I applied once for a job teaching adult education. I now am quite happy doing that in the real estate industry, but this was in an area in which I had no real expertise, medical. It was a communications class, though, so it wasn’t too great a stretch. The interviewers asked me, “What makes you think you can teach adults if you have only taught high school?” It doesn’t matter what you are teaching, or whom, whether it is a class of kindergartners or adults. You have to make it relevant, and you have to make that relevance explicit. You have to tell them, “This is relevant to you because…you will use this in this situation…,” or you lose them. If they can’t see how they can use it, they glaze over and you become like Charlie Brown’s teacher: “Mwaaaah, mwah mwah mwah mwah,” like a muffled trombone.

We need to teach math teachers, and all teachers, that making it real, making it relevant, is what matters to students, and if they can’t do that with their subject material, maybe they shouldn’t be teaching it. Look for another way to get it across, something that makes sense to the person in the seat, not just learning abstract knowledge for its own sake.

Once I thought up a speech in which the speaker identified with an object, and told us why. It is like ‘discovering your metaphor.’ I guess I was wrapped up in an English or Poetry class and wanted to make them think symbolically. They didn’t all get it, and limiting the metaphor to an object you could carry in to school didn’t really open up the world of imagery to them as I had hoped.
To get the idea across, I did the assignment myself. What I came up with as a metaphor for myself was a set of battery cables. I am a connector. I connect people to ideas, to resources, to other people, to themselves. And there is a spark, an energy involved. I bought a new, clean battery cable and after the speech it became a decoration for my classroom, displayed along the top of the whiteboard to generate the question of why it was there. It gave me a chance to let them know how I thought about my job–not as a parent-child relationship, or master-servant, nor anything else that put me higher than them, but on the same level. A tool for them to use to learn, to understand.

Everybody is back to school a week now, so this is a good reminder to students, teachers, and parents. Seek relevance and call it out as often as possible.


Teeth with Braces

I am convinced that had I not had the meddlesome and sausage-like fingers of one Dr. Blackwood in my mouth at the age of 13, my face would work better today, including lusher lips. Judging from my sons’ faces, lips like Angelina Jolie.

At my age, lip lushness is an issue. Why is it that lips get narrower and narrower with age? Why can’t they be like ears and noses that continue to grow throughout our lives? I’ve even heard that those appendages continue for a while after death, although I can’t imagine who is circulating that rumor, nor how they would be checking its veracity.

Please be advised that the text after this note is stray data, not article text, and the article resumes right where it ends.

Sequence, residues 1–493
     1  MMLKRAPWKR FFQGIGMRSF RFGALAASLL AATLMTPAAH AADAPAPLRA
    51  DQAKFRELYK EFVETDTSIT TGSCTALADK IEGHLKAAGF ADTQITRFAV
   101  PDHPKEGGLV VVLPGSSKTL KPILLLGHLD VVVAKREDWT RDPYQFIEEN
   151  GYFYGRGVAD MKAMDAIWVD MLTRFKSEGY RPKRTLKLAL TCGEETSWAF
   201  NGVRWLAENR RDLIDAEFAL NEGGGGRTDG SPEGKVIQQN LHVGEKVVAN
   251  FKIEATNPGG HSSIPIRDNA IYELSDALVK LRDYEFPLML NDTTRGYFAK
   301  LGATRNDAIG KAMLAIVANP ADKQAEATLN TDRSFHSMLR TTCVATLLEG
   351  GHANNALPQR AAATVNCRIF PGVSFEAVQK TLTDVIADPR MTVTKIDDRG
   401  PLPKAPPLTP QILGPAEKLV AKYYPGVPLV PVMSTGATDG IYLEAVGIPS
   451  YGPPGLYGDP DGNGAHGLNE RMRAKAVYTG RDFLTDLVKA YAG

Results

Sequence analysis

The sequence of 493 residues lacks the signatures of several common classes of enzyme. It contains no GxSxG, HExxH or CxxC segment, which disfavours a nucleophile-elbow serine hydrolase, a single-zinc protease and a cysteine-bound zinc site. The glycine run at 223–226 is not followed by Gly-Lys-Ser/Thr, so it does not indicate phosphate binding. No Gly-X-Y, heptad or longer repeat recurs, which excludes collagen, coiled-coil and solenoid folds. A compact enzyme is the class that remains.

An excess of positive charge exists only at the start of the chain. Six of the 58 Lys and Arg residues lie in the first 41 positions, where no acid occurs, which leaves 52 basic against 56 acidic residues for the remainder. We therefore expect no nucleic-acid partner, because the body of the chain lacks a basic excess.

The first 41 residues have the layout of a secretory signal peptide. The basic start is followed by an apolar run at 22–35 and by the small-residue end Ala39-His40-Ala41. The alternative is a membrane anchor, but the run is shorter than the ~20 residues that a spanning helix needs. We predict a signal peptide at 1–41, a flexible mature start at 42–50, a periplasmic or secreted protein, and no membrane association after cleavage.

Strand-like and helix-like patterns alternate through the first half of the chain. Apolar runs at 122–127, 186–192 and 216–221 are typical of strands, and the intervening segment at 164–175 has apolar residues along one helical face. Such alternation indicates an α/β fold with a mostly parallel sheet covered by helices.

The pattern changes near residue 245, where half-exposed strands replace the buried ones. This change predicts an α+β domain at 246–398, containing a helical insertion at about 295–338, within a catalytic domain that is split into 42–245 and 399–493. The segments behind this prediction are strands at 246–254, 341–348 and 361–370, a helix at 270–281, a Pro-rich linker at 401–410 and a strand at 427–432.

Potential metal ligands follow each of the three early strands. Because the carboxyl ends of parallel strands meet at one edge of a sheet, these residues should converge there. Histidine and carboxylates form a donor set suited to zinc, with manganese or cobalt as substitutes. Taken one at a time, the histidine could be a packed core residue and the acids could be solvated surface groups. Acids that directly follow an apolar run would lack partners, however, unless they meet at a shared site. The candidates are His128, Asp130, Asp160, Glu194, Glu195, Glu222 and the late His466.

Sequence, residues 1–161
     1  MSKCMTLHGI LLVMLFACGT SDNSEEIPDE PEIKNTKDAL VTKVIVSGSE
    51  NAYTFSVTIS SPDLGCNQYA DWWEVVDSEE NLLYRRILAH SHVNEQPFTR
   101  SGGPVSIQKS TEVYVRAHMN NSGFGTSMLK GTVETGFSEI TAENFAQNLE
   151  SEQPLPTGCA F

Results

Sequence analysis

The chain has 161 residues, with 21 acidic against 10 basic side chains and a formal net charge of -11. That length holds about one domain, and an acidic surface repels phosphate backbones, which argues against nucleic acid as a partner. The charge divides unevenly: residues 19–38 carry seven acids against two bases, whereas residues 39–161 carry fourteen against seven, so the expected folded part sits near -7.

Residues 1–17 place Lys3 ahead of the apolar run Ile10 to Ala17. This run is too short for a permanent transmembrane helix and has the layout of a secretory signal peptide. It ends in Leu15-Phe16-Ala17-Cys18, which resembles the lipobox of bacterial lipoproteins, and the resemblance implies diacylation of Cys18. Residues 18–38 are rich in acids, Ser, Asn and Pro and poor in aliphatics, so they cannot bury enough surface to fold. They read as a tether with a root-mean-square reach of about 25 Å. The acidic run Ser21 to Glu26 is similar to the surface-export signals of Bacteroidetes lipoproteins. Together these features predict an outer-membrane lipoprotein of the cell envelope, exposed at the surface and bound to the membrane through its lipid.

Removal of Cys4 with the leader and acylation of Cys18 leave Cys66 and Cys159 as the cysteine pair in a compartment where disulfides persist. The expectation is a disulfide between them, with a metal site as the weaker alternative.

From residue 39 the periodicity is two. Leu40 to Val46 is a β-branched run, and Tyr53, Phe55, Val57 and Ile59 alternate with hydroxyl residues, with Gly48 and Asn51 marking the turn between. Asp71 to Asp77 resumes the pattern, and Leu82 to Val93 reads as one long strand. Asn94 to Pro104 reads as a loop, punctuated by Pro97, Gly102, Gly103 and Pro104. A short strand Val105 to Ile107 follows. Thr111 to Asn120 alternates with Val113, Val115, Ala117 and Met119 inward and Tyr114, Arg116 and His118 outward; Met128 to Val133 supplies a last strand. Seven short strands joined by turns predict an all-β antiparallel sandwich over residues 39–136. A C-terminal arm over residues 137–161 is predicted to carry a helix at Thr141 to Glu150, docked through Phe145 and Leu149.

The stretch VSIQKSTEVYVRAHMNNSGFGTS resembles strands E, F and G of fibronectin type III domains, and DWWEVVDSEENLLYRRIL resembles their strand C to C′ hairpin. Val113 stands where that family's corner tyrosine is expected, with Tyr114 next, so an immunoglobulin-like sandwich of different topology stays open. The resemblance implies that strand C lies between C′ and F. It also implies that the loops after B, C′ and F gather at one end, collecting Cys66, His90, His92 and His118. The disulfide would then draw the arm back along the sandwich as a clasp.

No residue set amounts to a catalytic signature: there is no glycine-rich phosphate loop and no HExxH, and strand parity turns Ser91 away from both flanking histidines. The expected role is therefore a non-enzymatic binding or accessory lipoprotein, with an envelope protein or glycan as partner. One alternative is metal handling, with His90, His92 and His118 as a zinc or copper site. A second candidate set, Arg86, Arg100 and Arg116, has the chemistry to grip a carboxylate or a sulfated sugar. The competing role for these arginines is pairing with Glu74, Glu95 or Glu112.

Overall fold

When I was 12, my mother was told that I had an overbite that rivaled a rabbit, but looking at my front teeth now I can’t imagine it. Who told her? Our dentist, who lived in our neighborhood and ran off and left his wife and children for his hygienist. His name was Dr. Swindle, if you can believe that. Who would truck with someone who was named Swindle? His wife should have seen it coming. Probably made part of the $2000 proposition, the cost of braces, at that time. $2000 in the 60s!! And you can be sure that it was intimated that the parent must not really love their child if they weren’t willing to spend it.

Upon stern recommendation that I obviously had too many teeth for my mouth, four permanent teeth, the 4th away from center on top and bottom in both directions, were pulled and the rest yanked back using an ever-tightening wire attached to each tooth by running it through a track that protruded from bands attached with cement around each tooth. Hurt? Lord, yes! But not enough. We had to increase the speed with which we pulled those teeth from their rightful places by using rubber bands for constantly increasing pressure. Tiny rubber bands that would not even encircle your pinkie, were attached to a tooth’s track assembly on the sides of your upper teeth, and then anchored to a similar assembly on the bottom teeth an inch or two further back in your mouth. The resulting tension was STILL NOT ENOUGH!! I also had a “mouth-bow”. This was an apparatus (I use this term with the full knowledge that it is only the first of two apparati I have had inserted into my body, the second being a gynecologist’s speculum, duration about 2 minutes) (Don’t try this at home.) that I used nightly. All night. Every night. My braces had small metal tubes on the offending upper side teeth. This bow-shaped apparatus fit into those metal tubes inside my mouth, had a parallel bow outside my mouth attached to an wide elastic strap with Velcro closures running around the back of my head. It was padded, thank you! Don’t want to create pain! The pressure this monstrosity created was like having a fish hook with tension on it attached to a finger or toe nail 24/7.

After all this are my teeth straight? Yes they are, but my tongue has never fit in my mouth. When I close my teeth, my tongue is further back in my throat than feels normal. If my tongue is relaxed, it is between my upper and lower teeth. I’ve gotten used to it, of course, but it just goes to show, don’t fool with Mother Nature. Was it a good thing? Probably not. Now that I see how my own children’s teeth turned out, and how what was mildly out of alignment went into place as the jaws grew to accommodate them.